That would enable Egypt to move quickly toward recovery of the Sinai, while leaving the difficult details on other fronts - such as the political future of the Palestinians - to be worked out in later negotiations.

A source close to the negotiations said Egypt "cannot accept anything less than self determination" for the Palestinians.

But he said Israel would not be expected, as part of the price of peace, to agree to the formation of an independent Palestinian state, which Israel refuses to consider. He said it would be sufficient for Israel to withdraw from the West Bank and return it to Jordanian control, promising not to interfere if the Palestinians and the Jordanians wanted to work out some other arrangement in the future.

he said Egypt could not make peace without this or some other arrangement acceptable to "most Palestinians." That did not include the Palestine Liberation Organization, which in Sadat's view threw away its chance to participate in these negotiations by joining the rejectionist Arab states opposed to Sadat's initiative.

The Egyptians think their willingness to enter peace talks without the PLO by their side should be seen by the Israelis as evidence of Egypt's sincere desire for peace.

"I believe Sadat legitimately and earnestly believes in an arrangement for the Palestinians and not just as cover for a separate peace," an informed official said. "But he realizes that if we started this process in 1973 and it's now 1978 and it took until now for us to get this far, then a comprehensive settlement for the Palestinian problem will take a bit longer."

He said Sadat "wants a good start" on the Palestine problem to quicken the peace for Sinai.

According to well-placed officials, Egypt is willing to go a long way toward meeting Israeli demands for peace terms, provided the basic commitment on the West Bank and some new status for the Palestinians is forthcoming.

Egypt might, for example, accept minor adjustments to the pre-1967 borders, or anextended timetable for withdrawals or restrictions on the weapons that could be brought into a Palestinian state on the West Bank. But the Egyptians are also beginning to think about what might happen if even all this is not enough, if they come home from the Jerusalem talks empty handed.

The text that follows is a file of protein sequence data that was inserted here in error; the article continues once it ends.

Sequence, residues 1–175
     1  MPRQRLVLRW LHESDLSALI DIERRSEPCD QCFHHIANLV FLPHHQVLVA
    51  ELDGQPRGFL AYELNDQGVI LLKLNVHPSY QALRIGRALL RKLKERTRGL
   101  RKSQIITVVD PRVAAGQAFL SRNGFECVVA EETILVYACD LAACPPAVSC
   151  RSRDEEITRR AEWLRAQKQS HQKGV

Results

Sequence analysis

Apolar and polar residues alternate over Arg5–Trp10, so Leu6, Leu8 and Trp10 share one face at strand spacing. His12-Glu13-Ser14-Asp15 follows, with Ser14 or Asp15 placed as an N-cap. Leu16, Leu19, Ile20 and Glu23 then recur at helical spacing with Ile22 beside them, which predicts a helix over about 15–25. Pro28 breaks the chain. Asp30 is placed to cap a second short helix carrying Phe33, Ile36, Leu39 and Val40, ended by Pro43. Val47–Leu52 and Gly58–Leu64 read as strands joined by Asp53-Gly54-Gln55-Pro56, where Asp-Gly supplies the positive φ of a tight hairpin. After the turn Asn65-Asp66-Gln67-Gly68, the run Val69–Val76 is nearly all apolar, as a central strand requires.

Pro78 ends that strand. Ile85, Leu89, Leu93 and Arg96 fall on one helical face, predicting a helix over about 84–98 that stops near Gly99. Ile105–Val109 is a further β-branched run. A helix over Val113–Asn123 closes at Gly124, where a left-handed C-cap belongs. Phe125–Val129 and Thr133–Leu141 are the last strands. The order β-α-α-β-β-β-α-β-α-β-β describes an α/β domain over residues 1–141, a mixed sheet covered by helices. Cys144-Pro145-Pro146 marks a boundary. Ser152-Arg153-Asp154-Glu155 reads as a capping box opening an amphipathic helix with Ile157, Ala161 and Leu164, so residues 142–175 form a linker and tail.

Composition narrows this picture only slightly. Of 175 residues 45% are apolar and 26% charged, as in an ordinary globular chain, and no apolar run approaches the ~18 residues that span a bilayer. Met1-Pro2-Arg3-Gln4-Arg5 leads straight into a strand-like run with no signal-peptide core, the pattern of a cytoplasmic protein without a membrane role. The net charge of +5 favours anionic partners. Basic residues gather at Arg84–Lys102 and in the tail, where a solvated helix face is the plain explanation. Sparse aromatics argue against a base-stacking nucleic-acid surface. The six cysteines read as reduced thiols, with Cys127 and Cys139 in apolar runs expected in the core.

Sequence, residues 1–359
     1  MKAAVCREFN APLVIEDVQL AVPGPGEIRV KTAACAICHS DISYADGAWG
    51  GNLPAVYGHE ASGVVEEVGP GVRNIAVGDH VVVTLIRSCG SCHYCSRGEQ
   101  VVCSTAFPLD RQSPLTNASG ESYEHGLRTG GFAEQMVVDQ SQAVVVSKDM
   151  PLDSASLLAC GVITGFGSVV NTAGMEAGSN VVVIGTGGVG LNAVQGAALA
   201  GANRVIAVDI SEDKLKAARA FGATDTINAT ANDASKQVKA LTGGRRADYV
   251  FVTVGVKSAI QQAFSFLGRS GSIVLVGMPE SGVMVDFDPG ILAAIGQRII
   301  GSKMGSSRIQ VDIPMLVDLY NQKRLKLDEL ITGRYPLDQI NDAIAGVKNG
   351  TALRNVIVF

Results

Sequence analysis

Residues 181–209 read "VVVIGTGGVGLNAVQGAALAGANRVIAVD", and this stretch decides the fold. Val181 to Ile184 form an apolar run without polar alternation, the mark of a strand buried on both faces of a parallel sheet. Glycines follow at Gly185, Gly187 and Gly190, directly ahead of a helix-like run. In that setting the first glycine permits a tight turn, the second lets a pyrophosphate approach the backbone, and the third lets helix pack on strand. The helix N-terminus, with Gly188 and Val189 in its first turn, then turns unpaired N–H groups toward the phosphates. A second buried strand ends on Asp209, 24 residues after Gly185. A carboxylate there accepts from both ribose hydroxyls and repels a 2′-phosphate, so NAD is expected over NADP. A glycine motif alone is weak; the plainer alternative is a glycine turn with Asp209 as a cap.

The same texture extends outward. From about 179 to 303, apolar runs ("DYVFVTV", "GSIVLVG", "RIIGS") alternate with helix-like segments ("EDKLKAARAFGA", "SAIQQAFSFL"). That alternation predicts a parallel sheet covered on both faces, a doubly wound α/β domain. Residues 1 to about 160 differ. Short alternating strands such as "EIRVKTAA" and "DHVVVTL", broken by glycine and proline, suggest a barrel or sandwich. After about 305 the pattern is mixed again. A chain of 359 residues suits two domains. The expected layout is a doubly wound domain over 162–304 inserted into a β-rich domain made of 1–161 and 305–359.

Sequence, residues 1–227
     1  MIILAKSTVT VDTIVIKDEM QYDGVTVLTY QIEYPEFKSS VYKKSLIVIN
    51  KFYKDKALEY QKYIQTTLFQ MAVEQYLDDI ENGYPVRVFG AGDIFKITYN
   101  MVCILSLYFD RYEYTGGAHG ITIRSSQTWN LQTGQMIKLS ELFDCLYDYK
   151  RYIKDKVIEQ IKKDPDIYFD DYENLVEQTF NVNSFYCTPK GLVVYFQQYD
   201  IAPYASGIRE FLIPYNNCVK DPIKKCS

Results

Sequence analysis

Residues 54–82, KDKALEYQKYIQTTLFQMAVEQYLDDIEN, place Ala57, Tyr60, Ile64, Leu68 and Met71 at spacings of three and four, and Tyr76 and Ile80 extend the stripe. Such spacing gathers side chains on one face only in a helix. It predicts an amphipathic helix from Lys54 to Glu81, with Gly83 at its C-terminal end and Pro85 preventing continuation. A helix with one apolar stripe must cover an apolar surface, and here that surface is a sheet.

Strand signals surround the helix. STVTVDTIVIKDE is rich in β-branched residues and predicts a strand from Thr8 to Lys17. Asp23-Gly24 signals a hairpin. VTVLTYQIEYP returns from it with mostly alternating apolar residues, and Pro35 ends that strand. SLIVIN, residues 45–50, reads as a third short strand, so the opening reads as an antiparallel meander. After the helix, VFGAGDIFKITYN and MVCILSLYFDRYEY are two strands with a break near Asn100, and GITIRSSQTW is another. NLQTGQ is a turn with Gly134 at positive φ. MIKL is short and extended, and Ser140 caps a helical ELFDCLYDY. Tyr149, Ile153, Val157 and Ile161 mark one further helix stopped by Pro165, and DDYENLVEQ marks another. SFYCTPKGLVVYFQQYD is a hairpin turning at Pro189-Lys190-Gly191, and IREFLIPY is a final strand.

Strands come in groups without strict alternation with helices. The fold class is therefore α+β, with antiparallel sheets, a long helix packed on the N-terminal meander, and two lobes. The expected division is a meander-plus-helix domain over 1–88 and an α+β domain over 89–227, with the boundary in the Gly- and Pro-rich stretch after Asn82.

The first recourse would apparently be a new appeal to the people of Israel not to throw away the chance for peace, to force Begin to reconsider in the interests of furture generations.

"The Jewish people have a special problem." Sadat told October, "which we must know so as to understand their stands and learn how they adopt their decisions. The Jews have been living in fear for thousands of years. They lived in ghettos fearing majority populations everywhere . . . As a mater of fact Jews feel that the whole world is their enemy. When they established Israel the imagination became a reality and fear became a certainty. They are strangers in a strange land. They are surrounded by millions of hostile Arabs."

The Egyptians believe that Sadat's trip to Israel made - or should have made - a decisive breach in that wall of fear. If the Israelis are not forthcoming with peace terms acceptable to Sadat in return for his gesture and his understanding. The Egyptians say, their most potent weapon is the threat of a return to the situation that existed before the Jerusalem trip.